September 3, 2018
If you are accused of shoplifting, your first reaction may be to get angry and try to leave. Alternatively, if you did take something, you might think that admitting your guilt and apologizing profusely is the best way to get out of trouble. You need to be careful, though, because the wrong move may land you with criminal charges.
Below, we’re going to offer a list of what you should not do after being accused of shoplifting in Texas. No matter what, you have rights – but what you do in the aftermath of an accusation can be the difference between escaping without consequences and being convicted.
You Should: Review Your Rights
Shoplifting is a serious crime, but store owners and employees who detain you unlawfully may also be charged with a crime. If you were detained after an accusation, you should speak to a lawyer and review your rights.
Employees who accuse someone and take action without probable cause may not have a leg to stand on in court, and they may not pursue criminal charges if they find out they were in the wrong.
You Should Not: Contact the Store Owner Without Consulting a Lawyer
Remember your Miranda rights: anything you say can and will be used against you in a court of law. Once you have been accused of a crime, you have to be very careful about what you say regarding the crime.
If you try to handle the situation yourself, especially if you have never been accused of a crime before, you may end up saying something that can be twisted and used against you.
You Should: Know the Charges Against You
Not all shoplifting charges are the same in Texas. Our state determines penalties based on the type of product that was allegedly stolen and its value.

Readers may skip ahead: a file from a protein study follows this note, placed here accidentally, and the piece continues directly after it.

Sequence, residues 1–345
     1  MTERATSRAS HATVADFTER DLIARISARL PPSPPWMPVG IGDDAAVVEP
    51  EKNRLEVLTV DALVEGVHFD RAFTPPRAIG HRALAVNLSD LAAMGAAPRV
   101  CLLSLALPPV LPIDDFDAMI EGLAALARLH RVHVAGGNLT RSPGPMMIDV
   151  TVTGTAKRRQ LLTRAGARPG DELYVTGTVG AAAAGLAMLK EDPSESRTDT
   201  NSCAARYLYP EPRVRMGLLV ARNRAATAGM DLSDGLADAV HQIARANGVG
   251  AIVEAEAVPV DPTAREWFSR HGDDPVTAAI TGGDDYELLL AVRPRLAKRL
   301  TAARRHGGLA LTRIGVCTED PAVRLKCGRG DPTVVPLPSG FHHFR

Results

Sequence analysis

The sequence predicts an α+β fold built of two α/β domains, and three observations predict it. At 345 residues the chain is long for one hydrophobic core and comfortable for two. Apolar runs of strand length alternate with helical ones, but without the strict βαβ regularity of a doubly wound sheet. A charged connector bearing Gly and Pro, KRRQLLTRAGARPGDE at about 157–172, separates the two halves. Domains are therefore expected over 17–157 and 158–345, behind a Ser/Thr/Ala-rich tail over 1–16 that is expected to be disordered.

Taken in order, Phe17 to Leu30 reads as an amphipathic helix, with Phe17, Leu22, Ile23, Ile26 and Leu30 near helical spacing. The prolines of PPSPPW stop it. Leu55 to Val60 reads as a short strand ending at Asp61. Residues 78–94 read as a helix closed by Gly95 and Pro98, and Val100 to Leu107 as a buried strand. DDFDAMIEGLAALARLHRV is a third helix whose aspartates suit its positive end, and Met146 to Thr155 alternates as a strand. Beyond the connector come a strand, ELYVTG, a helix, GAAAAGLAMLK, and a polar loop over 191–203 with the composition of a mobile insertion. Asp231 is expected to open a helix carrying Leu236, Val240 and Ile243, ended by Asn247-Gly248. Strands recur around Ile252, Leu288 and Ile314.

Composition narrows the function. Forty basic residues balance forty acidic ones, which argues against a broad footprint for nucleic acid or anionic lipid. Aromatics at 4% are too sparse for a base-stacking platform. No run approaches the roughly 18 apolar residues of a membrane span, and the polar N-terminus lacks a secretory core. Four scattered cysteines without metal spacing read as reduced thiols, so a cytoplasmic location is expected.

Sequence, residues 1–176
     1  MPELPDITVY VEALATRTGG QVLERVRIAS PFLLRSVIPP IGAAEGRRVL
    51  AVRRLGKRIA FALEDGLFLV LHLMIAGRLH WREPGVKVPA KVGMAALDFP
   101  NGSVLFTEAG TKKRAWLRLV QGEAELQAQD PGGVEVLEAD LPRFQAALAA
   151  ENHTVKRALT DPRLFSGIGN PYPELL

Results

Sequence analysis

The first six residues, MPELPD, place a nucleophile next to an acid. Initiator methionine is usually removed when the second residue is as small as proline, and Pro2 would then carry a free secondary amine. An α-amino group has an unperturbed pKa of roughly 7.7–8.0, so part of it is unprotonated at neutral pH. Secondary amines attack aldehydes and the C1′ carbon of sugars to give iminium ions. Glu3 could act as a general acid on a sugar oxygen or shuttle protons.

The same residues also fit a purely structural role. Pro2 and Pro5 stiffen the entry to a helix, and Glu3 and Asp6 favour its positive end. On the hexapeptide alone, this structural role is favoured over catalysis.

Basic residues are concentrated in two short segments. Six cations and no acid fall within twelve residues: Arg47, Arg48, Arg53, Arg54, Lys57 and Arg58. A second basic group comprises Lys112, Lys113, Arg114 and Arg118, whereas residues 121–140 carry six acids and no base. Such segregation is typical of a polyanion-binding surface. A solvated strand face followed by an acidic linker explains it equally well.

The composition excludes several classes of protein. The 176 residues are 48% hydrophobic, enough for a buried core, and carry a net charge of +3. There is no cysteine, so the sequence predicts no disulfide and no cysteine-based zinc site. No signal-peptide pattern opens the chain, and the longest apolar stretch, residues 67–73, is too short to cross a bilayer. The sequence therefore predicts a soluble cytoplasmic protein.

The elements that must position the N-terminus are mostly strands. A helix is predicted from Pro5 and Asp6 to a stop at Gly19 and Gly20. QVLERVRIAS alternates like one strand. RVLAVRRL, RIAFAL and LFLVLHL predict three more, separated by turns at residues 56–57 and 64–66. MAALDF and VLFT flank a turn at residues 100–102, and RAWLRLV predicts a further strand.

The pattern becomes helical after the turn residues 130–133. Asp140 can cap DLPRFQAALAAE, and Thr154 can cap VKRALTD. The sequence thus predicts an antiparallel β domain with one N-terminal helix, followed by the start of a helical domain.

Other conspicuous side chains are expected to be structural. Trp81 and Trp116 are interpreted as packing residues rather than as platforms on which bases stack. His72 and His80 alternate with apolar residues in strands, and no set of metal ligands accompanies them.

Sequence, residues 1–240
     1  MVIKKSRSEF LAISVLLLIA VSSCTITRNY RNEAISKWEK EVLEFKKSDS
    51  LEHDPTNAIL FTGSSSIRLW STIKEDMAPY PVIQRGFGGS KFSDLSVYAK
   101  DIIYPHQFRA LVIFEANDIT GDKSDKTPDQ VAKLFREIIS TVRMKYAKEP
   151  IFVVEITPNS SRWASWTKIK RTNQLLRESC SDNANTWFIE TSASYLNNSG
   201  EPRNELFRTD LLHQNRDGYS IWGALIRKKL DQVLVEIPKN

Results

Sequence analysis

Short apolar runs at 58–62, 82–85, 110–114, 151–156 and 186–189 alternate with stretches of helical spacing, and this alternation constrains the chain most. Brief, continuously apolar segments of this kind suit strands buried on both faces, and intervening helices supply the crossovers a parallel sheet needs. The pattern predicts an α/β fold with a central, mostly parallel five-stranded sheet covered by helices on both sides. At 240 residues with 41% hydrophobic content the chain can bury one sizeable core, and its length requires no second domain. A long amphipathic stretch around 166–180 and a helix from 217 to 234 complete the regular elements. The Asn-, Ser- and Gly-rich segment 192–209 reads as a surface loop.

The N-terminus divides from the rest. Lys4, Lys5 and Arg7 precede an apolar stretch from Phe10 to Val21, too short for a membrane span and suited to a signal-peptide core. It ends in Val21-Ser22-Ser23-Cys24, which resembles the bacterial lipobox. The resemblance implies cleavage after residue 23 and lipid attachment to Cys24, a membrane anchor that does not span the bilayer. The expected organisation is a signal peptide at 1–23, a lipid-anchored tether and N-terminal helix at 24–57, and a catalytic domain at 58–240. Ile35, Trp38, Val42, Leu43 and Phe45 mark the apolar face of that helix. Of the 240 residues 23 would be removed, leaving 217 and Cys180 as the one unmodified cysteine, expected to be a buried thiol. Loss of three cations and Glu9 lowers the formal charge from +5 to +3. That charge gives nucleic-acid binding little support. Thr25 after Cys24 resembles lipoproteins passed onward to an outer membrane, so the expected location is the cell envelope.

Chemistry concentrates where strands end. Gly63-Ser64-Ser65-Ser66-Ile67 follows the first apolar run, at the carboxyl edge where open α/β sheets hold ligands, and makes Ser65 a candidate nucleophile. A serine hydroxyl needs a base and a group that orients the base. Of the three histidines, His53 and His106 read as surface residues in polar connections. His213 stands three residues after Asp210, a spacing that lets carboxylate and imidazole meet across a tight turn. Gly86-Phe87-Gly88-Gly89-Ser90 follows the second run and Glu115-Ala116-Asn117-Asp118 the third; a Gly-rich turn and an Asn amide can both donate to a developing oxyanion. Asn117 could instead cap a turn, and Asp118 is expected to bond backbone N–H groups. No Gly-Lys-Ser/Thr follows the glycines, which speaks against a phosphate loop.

If you are accused of stealing an item that is valued at less than $100, for example, you may only face a Class C misdemeanor and fines of up to $500. However, if that item is a firearm or valued at over $2,500, you may face felony charges.
Felony shoplifting charges could land you in jail for up to two years and have a lifelong effect on your ability to find work or secure government benefits. If you have been convicted of shoplifting before, the penalties are even more harsh.
Know what charges you face and what factors contribute to those charges. If you can prove that the value of the items you allegedly shoplifted was lower than $1,000, for example, you may face reduced charges or penalties.
You Shouldn’t: Go Back to the Store
If the shop owner tells you to stay away from their store, you should listen. Don’t add a trespassing charge or a restraining order to your case. Stay away from the store until after the charges have been dropped or you have gone to court. Again, reaching out to store management will most likely hurt you in court.
You Should: Consider Pretrial Diversion Programs
Depending on which Texas county you live in, you may not have to face jail time for shoplifting. Many counties offer diversion programs for low-level, non-violent crimes. A judge may offer an exchange where you pay restitution or complete community service.
Once the terms have been fulfilled, your charges will be dropped and you won’t face jail time or heavy fines. This option isn’t available for all shoplifting crimes, though, so talk to your lawyer about whether or not you qualify.
You Shouldn’t: Panic
An accusation is not a conviction. A criminal charge is not a conviction. You are innocent until proven guilty, and the charges may be sealed from your permanent record if they are dropped.
There are many defense strategies available for people who have been accused of shoplifting. A lack of evidence, for example, may be the key to getting off without any penalties.
Put your trust in your lawyer and refrain from doing anything rash during criminal proceedings. Strange behavior or additional crimes will only work against you when you head to court. Stay calm.
You Should: Reach Out to a Lawyer
You have the right to legal counsel. Talk to a Texas criminal defense lawyer before you try to represent yourself, gather evidence, or head to court. A lawyer is better equipped to find witnesses, look through evidence, and reach out to anyone who may have been involved in the crime.
About the Author:
The strength of Brian S. Eppes as a lawyer is in his unique and varied background. Like many other private attorneys, at one point he worked as a prosecutor. However, he also served in George W. Bush’s White House, has helped Texas legislators to write laws, and spent time at a tax and estate planning firm. These experiences have enabled him to look at cases in a different way than his peers and find creative solutions that benefit his clients.